Every day until the election we will profile all 59 of Scotland’s contests. Can the SNP hold what they have or win any new seats? James Kelly of ScotGoesPop has the answers


Winner in 2017: Tommy Sheppard (SNP)

The SNP carry a lead of less than eight percentage points in Edinburgh East into this election from last time, which strictly speaking means the seat should be categorised as a marginal. But the 2017 election threw up such an extraordinarily large number of evenly balanced contests in Scotland that Tommy Sheppard’s position looks almost comfortable in a relative sense. He has the 12th-largest majority of the 35 SNP incumbents, and the 10th-largest percentage lead over a runner-up. As it turns out, what makes the seat extremely safe in practice is the identity of that runner-up: it’s Labour, and they are the only one of the three main Unionist parties that appear to have suffered a dramatic loss of support over the last two years.

On a uniform swing, Jeremy Corbyn’s party would need to close the Scotland-wide gap between themselves and the SNP to around 2% before Edinburgh East would fall. Even in an age of electoral volatility and opinion poll unreliability, it’s fair to say that’s phenomenally unlikely to happen.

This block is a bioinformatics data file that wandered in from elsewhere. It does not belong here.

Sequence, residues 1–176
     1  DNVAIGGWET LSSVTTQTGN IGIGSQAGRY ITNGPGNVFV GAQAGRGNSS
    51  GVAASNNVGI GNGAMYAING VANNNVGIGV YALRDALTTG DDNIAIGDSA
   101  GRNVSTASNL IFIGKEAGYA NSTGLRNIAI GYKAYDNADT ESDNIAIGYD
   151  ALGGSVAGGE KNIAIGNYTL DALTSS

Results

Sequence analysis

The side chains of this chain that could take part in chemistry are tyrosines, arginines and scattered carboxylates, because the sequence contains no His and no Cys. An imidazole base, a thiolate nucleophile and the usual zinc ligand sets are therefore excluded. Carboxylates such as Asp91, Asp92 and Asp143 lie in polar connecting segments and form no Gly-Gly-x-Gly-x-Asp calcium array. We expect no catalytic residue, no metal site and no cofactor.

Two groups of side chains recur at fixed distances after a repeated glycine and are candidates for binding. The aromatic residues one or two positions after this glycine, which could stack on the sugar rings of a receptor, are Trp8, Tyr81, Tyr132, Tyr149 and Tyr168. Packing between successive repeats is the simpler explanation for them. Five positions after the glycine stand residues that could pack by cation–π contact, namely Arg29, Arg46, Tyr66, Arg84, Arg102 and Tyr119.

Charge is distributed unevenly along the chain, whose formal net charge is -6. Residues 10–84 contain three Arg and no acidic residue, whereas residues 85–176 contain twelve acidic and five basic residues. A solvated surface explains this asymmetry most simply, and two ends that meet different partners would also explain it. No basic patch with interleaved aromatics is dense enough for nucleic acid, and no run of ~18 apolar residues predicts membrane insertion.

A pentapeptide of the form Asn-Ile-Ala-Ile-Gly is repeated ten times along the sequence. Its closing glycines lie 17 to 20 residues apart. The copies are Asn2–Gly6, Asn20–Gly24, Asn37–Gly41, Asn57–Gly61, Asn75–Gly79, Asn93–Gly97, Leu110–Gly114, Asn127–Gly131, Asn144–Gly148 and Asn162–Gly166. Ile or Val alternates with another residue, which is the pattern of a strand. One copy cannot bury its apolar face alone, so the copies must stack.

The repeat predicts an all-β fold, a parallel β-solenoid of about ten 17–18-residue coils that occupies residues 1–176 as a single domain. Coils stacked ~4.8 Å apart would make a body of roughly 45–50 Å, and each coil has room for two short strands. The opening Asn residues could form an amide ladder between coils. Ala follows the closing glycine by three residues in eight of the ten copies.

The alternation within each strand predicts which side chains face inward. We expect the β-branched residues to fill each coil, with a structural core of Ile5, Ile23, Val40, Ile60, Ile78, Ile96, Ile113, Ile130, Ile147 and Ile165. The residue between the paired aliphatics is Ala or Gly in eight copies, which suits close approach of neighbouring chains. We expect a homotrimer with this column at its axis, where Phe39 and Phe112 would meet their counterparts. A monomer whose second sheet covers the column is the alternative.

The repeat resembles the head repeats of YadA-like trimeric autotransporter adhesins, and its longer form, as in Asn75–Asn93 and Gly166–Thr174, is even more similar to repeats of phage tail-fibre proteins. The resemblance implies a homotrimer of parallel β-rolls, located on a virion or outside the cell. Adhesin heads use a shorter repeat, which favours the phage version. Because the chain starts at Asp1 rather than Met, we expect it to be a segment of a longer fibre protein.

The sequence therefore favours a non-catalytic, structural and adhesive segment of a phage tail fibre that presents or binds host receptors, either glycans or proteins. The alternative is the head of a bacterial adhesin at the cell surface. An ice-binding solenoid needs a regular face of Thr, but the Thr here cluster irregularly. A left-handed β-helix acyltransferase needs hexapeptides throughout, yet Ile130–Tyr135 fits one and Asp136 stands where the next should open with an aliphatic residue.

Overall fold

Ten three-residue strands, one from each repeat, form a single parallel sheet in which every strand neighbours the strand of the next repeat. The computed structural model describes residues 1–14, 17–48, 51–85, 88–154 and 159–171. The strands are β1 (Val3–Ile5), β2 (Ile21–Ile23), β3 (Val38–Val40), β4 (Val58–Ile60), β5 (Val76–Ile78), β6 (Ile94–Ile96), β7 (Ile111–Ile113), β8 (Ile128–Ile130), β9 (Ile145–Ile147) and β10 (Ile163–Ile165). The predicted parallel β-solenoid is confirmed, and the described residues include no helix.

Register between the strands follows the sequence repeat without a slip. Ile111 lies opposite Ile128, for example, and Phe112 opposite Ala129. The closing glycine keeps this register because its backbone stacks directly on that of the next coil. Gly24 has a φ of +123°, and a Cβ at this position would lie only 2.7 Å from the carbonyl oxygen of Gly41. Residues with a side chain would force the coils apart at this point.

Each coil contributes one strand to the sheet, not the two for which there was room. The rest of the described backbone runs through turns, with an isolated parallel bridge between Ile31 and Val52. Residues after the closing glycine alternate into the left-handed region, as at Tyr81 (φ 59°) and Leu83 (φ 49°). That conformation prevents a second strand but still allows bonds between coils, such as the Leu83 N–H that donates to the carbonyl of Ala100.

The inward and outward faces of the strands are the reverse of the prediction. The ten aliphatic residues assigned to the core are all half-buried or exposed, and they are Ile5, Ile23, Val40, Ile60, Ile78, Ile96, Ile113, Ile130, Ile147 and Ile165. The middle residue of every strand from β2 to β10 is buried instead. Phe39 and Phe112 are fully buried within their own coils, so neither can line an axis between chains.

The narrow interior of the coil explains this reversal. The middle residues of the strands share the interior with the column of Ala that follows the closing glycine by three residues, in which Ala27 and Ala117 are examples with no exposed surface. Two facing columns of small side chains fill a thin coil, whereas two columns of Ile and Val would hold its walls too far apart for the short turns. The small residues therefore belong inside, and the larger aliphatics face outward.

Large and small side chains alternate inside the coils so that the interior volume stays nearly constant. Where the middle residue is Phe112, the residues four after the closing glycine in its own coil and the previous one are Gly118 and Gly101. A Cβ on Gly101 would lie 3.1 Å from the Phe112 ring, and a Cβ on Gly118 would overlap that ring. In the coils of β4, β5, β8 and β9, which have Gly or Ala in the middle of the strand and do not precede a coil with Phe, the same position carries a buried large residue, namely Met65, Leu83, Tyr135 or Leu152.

Just as the icing on the cake, Sheppard also has the luxury of knowing that both the Conservatives and the LibDems will start from too far back to have a credible chance of mounting a challenge from third or fourth place. So, with an SNP win looking close to nailed-on, the real interest on election night will probably be a jostling for position between the Unionist parties as they seek to establish themselves as Sheppard’s principal rival in future elections. (Assuming that there will be any future UK General Elections in Scotland, that is!) Given Labour’s pedigree in the constituency, it would be utterly humiliating for them to slip below second place, and opinion poll trends suggest they’ll probably hold off the Tories – but it could be a little too close for comfort.

READ MORE: General Election analysis: SNP hoping to reclaim East Renfrewshire

The LibDems will want to somehow break out of fourth place, and they may have a better chance of doing so than their 4% of the vote in 2017 suggests. In past elections when the national LibDem or Liberal vote has reached high watermarks, they’ve managed to top 20% in Edinburgh East, though if they repeat that feat this time, it’s not clear whether Labour or the Tories would suffer the most.

The Greens are returning to the fray after sitting out the 2017 contest. They saved their deposit in 2015 with a respectable 6% of the vote, and it’s possible that their absence two years later helped Sheppard retain more of a safety-net than he would otherwise have had. But even if the Green intervention this year does cost Sheppard some votes, it shouldn’t have a worse effect than simply reducing his winning margin.